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Volume Editors: Denise Bentrovato and Johan Wassermann
Emerging from the pioneering work of the African Association for History Education (AHE-Afrika), Teaching African History in Schools offers an original Africa-centred contribution to international history education research. Edited by AHE-Afrika’s founders and directors, the volume thus addresses a notable gap in this field by showcasing otherwise marginalised scholarship from and about Africa.

Teaching African History in Schools constitutes a unique collection of nine empirical studies, interrogating curriculum and textbook contents, and teachers’ and learners’ voices and experiences as they relate to teaching and learning African history across the continent and beyond. Case studies include South Africa, Kenya, Rwanda, Zimbabwe, Malawi, Cameroon and Tanzania, as well as the UK and Canada.

Contributors are: Denise Bentrovato, Carol Bertram, Jean-Leonard Buhigiro, Annie Fatsereni Chiponda, Raymond Nkwenti Fru, Marshall Tamuka Maposa, Abdul Mohamud, Sabrina Moisan, Reville Nussey, Nancy Rushohora, Johan Wassermann, and Robin Whitburn.
In: Teaching African History in Schools

Abstract

This concluding chapter fleshes out and reflects on the positionality, premises and vision underpinning this book project and the journey undertaken towards its materialisation. It thereby also retraces some of the specific contributions made by each author and their respective chapters to the goals and visions embodied in this collective project. Conceived of as a fundamentally anti-colonial and decolonising act, this project is presented as seeking to counter the coloniality of knowledge under which history education currently exists by showcasing scholarship about, from and for Africa. It is regarded as a response to the large-scale marginalisation of Afrocentric history educationists and their knowledge from the spaces in which history education knowledge is produced, a condition which both alienates those excluded and makes little sense in an African context that is hardly ever considered.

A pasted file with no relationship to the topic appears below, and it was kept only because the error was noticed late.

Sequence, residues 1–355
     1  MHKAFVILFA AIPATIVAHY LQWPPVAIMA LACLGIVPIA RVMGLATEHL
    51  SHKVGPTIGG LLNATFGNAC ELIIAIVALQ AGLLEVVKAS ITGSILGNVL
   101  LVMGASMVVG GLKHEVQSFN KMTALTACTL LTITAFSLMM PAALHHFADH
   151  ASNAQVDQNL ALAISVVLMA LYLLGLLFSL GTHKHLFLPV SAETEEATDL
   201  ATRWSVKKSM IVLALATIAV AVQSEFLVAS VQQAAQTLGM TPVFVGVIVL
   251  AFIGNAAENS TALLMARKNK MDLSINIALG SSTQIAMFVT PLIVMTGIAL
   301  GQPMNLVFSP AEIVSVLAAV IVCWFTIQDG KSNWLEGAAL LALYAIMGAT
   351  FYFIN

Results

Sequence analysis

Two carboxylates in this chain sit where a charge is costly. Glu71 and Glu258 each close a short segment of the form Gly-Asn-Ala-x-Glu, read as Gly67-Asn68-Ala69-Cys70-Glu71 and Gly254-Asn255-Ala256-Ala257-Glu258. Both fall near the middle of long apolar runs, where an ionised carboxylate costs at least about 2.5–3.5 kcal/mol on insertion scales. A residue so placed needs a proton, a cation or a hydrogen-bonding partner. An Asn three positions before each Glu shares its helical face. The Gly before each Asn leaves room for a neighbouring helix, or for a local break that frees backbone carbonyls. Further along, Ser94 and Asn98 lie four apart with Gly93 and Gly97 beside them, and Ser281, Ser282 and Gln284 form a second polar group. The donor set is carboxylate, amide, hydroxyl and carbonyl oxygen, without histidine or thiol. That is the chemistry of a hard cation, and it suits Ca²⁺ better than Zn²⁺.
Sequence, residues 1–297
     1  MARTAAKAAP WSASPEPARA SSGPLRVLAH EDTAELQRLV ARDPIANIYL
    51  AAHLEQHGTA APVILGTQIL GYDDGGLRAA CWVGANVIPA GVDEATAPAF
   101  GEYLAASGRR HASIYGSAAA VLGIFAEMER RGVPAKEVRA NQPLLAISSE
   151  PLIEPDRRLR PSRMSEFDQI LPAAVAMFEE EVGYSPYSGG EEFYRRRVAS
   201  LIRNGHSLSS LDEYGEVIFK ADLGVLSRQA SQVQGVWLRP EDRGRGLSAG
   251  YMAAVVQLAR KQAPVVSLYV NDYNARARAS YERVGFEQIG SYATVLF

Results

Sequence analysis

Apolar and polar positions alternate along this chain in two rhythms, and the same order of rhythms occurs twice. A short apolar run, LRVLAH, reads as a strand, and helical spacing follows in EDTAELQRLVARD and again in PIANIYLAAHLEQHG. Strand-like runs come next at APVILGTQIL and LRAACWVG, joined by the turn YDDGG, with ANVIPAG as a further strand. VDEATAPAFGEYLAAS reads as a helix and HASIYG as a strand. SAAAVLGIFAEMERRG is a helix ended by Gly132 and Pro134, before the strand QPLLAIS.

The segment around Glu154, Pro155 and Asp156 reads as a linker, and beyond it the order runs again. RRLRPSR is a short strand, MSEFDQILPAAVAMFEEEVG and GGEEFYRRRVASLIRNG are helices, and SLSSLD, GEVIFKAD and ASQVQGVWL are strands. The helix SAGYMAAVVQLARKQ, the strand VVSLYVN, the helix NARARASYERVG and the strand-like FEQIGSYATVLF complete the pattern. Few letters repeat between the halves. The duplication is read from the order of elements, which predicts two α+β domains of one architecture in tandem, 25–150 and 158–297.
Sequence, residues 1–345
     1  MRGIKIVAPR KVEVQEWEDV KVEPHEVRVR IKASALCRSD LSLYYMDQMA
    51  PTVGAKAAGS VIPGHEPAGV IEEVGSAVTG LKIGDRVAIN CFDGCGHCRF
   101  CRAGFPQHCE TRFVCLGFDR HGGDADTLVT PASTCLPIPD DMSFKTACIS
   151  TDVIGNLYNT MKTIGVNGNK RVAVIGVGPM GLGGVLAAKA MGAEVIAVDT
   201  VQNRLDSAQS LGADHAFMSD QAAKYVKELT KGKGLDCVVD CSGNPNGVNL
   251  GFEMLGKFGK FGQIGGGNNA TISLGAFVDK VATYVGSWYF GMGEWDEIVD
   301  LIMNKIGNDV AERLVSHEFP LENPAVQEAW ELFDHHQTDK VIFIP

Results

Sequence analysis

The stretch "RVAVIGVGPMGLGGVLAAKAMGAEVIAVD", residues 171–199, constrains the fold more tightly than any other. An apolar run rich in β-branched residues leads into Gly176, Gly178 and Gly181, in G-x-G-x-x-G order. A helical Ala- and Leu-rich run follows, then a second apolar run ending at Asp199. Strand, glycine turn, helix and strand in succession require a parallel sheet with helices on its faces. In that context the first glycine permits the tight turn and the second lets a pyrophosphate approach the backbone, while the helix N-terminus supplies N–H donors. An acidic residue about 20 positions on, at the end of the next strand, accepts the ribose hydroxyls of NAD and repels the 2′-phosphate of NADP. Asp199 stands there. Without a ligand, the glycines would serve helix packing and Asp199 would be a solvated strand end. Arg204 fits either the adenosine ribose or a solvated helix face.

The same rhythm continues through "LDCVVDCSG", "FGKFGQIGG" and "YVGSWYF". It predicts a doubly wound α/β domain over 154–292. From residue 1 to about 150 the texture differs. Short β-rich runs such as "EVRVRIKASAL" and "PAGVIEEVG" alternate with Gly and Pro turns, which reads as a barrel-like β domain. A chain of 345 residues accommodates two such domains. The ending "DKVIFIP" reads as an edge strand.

In: Teaching African History in Schools

Abstract

Since the turn of the century, debates around the teaching and representation of the re-unification of Cameroon have dominated national headlines. History education has been highly instrumental in fanning the flames of this controversy through conflicting historical interpretations. A significant aspect of this controversy is the fact that the history curriculum in the Francophone sub-system of education stipulates the teaching of re-unification at the classes de terminale, but the history textbook adopted for use at that level is largely silent on the topic. Against this backdrop, we employed qualitative content analysis and Thomas Huckin’s theory of manipulative silence to analyse the implications of silence on re-unification in a Francophone Cameroon school history textbook. The chapter is informed by a premise that what is absent from the textbook is as powerful as what is represented in it. The findings revealed that the principles of intentionality (to diminish the importance of the topic), deception and advantage as well as the socio-political sensitivity of the topic are important variables for explaining the limited textual coverage on re-unification. Situating the textbook in the bigger picture of re-unification tension supports the view of textbooks serving ideological rather than purely pedagogic functions.

In: Teaching African History in Schools